Has 2010 been a watershed year for Western politics or just a continuation of the move towards a neoliberalised system?
Mark LeVine Last Modified: 16 Nov 2010 11:09 GMT
It has been a strange political season. It began sitting in Istanbul with Swedish friends, digesting the news that the rabidly anti-immigrant Swedish Democrats had won an unprecedented 5.6 per cent of the vote in the country's parliamentary elections. Analysts immediately began to predict that the election would mark "an entirely new political landscape" and "the beginning of an era of sharper political division in Sweden".
Who would have thought that a mere six weeks later, pundits and analysts across the Atlantic would write almost identical words in the wake of the US midterm elections? Do these similarities point to a bigger story? Is 2010 proving to be a watershed year in politics in the West (we could add the historic defeat of the British Labour Party to this list, as well as elections in Greece in which the ruling Socialist Party pledged to impose unprecedented austerity measures)?
Or do the results reflect rather an underlying continuity in the generation-long evolution of Euro-American politics towards a fully neoliberalised system - one which supports the pursuit of unbridled wealth by elites while those with the most to lose conveniently spend their energy attacking immigrants, minorities and the poor - the system's ultimate victims?
Coming only days after Turks had held an unprecedented constitutional referendum sponsored by a supposedly "Islamist" government, the contrast was striking. Turkey - more specifically, Istanbul - seemed like the future, while Sweden seemed to be moving towards an outdated model.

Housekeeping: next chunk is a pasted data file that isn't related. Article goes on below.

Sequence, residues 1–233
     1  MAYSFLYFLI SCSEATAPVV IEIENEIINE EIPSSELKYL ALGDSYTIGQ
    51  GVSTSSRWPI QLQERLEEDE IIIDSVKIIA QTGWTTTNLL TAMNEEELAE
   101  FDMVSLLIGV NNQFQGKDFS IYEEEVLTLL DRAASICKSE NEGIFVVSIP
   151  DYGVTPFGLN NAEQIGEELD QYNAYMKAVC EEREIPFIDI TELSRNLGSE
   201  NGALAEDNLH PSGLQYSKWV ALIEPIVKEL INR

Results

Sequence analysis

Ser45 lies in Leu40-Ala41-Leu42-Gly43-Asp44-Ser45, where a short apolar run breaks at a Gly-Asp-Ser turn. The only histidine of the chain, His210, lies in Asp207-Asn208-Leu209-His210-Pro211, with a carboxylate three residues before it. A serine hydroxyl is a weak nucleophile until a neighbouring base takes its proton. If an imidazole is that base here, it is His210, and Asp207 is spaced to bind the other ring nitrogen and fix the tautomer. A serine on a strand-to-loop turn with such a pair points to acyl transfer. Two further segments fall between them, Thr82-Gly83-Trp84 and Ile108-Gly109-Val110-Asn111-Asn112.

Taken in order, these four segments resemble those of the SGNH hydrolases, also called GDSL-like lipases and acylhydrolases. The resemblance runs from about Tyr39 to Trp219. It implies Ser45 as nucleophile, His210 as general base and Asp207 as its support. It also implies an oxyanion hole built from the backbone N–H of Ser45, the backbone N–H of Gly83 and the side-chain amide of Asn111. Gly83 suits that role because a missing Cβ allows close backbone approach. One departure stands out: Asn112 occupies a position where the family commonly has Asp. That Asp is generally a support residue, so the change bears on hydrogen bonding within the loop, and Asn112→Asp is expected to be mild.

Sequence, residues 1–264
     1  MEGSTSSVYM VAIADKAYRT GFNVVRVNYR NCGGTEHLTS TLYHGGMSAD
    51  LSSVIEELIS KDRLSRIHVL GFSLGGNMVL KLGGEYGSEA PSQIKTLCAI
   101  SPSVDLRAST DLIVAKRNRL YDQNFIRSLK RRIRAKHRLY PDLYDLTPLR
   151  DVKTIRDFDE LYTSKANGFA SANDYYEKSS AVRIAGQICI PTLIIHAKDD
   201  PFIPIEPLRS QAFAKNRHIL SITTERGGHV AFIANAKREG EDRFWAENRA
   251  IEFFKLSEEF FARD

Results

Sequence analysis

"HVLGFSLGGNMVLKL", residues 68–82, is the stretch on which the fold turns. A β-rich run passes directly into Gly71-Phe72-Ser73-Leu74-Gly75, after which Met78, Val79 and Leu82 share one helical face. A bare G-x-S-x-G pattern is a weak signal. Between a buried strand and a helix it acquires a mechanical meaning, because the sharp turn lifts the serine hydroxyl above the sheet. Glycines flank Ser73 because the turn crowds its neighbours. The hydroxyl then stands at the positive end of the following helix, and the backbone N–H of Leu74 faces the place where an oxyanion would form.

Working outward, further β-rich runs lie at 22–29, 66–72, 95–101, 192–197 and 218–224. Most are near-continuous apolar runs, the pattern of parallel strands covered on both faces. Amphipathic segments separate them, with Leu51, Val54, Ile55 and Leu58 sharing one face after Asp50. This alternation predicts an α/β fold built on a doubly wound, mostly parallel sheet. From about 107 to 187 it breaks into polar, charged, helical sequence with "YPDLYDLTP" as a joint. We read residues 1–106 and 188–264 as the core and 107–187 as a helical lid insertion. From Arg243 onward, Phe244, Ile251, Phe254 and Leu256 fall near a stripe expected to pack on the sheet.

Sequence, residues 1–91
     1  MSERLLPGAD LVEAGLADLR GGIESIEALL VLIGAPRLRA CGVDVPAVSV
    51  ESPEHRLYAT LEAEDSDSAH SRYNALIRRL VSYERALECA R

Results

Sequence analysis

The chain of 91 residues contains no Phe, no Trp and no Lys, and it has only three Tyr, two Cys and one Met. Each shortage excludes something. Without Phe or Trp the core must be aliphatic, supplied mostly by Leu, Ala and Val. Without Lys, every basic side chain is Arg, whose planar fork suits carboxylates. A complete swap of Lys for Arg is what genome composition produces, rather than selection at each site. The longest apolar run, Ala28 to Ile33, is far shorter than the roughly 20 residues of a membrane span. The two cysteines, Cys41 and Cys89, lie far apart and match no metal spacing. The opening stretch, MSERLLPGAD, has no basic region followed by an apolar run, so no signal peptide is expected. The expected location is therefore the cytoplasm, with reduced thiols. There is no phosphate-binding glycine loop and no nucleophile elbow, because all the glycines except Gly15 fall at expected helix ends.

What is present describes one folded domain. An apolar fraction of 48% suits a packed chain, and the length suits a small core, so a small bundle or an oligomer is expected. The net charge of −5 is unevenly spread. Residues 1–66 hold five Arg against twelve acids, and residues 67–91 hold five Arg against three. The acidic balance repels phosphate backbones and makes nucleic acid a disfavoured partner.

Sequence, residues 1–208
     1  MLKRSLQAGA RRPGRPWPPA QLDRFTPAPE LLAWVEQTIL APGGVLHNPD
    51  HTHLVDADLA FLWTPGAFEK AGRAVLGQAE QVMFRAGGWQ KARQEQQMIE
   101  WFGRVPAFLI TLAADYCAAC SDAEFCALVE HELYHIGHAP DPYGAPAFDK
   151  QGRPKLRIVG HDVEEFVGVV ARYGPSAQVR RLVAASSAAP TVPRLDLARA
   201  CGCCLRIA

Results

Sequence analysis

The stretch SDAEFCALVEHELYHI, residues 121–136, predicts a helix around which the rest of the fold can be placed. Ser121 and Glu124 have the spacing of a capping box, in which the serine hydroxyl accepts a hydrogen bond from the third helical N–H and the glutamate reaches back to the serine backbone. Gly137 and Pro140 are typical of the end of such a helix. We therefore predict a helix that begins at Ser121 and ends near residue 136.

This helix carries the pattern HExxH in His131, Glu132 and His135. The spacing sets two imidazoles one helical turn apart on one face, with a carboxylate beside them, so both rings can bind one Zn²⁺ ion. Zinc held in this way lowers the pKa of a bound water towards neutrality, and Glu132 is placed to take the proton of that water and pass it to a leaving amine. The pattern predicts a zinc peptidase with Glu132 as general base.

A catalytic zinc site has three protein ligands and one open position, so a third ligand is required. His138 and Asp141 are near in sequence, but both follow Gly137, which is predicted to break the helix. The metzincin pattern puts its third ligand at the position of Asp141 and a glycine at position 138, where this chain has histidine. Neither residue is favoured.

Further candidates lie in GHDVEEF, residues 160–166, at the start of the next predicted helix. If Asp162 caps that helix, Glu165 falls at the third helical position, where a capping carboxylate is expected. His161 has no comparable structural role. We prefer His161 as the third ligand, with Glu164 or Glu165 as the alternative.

"Sweden is over. We're becoming America," several friends solemnly intoned.
But back in Sweden a few weeks later, the huge electoral victory of the Tea Party-infused Republicans in the US made it a bit hard to get worked up at the electoral "success" of its Swedish Democrat cousins.
Such facile comparisons between right-wing movements across the West confuse more than clarify the situation. Specifically, while the Tea Party and the Swedish Democrats, like their counterparts elsewhere in the West, have made the immigrant and particularly Muslim "threat" cornerstones of their rhetoric, their economic philosophies can contrast sharply.
The American Right wholeheartedly embraces lower taxes and government spending and increased militarism, while in Sweden or Denmark the far-right supports the preservation of the vaunted Scandinavian welfare state. Indeed, immigrants are attacked precisely as the biggest threat to its survival.
What is clear, however, watching the US election season unfold from Europe and the Middle East, is that the entire process - whether Barack Obama's lackluster job performance or the ease with which the corporate Right used the anger of millions of Americans to strengthen their power even more -represents the seemingly unalterable decline of the US from the hyper-power status it has enjoyed for the last 65 years to merely one of a group of major powers, none of whom unilaterally have the power to bend other countries to their will.
This was brought home with full force when Obama failed to secure any kind of favourable action to help trim the US' trade deficit and encourage US exports at last week's G-20 Summit in Seoul - something even the American press described as a "humbling" experience that reflected the US being "left out in the cold" in an unprecedented manner.
The fruits of globalisation from above
Many around the world are no doubt cheering at the loss of US power - both its ideological hegemony and military preeminence on the ground. It is worth remembering, however, that whatever its flaws - and they were many - the US in the post-war civil rights era offered a model of economic advancement, political democracy and equal rights that people around the world wanted to emulate (even if the US itself refused to grant them that privilege time and time again).